A Quick, Foolproof Way to Make Any Vegetable Taste Good

It's a vegetable epiphany.

I'm a chef who grew up in the era just before the green-market revolution. Like so many others, my mother was a Birds Eye queen, and the Jolly Green Giant was her best friend, always hiding in the cupboard. So as I grew older and my passion for food grew, I wanted to come up with a simple, tasty, and healthy way to prepare garden or green-market vegetables. After many years of cooking, I find myself always returning to this one tried-and-true technique. It never fails me, and my guests always want to know how I did it. Simplicity, I tell them. The secret lies in the technique, and after a couple tries, you’ll pick it right up. To use a restaurant phrase, it’s done à la minute—“in a minute,” or done to order. The goal is a reduced sauce clinging to vegetables that still have their picked-from-the-garden taste.

There’s another phrase in professional kitchens: mise en place, meaning all the ingredients prepped and in place before you start cooking. So now when I tell you these vegetables go from place to plate in about four minutes, you know what I mean. –Chef Michael Kaphan, chef of Purdy's Farmer & The Fish

Chef Michael Kaphan's Asparagus and Morels

Serves 2


  • 1 1/2 tbsp unsalted butter, divided in half
  • 1 shallot, diced
  • 1/2 lb pencil asparagus, cut on the diagonal
  • 5 medium morel mushrooms, cleaned and halved (if you can’t find morels, use 3 oz of another seasonal wild mushroom, like chanterelles or porcinis—or shaved truffles if you want to splurge)
  • Leaves picked from several sprigs of thyme
  • 1/4 cup chicken stock
  • Wedge of lemon
  • Coarse salt and ground black pepper to taste


  • Heat a skillet over medium-high heat. Add half the butter, the shallot, asparagus, morels, and thyme, swirling the pan to disperse.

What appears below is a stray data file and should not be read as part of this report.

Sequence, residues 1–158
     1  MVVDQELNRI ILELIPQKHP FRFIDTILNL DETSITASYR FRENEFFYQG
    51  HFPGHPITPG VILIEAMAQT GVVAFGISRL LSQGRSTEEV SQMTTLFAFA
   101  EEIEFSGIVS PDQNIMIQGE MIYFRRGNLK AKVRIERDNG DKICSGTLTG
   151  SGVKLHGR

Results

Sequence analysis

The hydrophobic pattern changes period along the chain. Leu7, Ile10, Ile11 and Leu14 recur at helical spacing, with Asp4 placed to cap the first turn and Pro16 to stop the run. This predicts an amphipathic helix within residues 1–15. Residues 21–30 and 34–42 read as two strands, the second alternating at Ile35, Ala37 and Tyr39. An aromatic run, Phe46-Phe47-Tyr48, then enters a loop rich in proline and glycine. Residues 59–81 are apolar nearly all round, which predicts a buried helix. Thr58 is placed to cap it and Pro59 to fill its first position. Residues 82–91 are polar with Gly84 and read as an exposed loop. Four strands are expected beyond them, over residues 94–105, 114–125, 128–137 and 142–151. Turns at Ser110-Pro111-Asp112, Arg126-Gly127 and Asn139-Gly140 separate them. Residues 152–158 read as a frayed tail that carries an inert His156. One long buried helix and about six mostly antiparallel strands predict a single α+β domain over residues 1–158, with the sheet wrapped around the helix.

• When the vegetables start to sweat out (but before they pick up any color), add the chicken stock. It will sizzle and come quickly to a boil. Add the remaining butter, and as it melts, toss to coat the vegetables with sauce. There shouldn’t be a pool in the pan.
  • Squeeze in lemon juice and adjust seasonings if need be. (It will depend on the saltiness of the stock you use, so taste before you commit.) 

How to slice vegetables

The diagonal or bias

Use on straight, slender vegetables, like asparagus, scallions, and carrots. The elongated oval exposes more surface area and reduces cooking time, useful in stir-fries. For asparagus, trim rough ends. Holding the knife at an angle (the sharper the angle, the more elongated the oval), cut the stems on the diagonal, adjusting the angle of the blade so pieces are uniform.

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The dice

Increases surface area of carrots, celery root, parsnips, onions, beets, et cetera, so more of the ingredient touches the pan. If you’re sweating the vegetable, it shortens cooking time, preserving fresh flavor; if browning, it means more surface to brown—also more flavor. Trim round sides so that each side has a flat surface. Cut crosshatch-style into quarter-inch cubes.

This article originally appeared in the June 2013 issue of Esquire Philippines. Minor edits have been made by the Esquiremag.ph editors.

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Francine Maroukian
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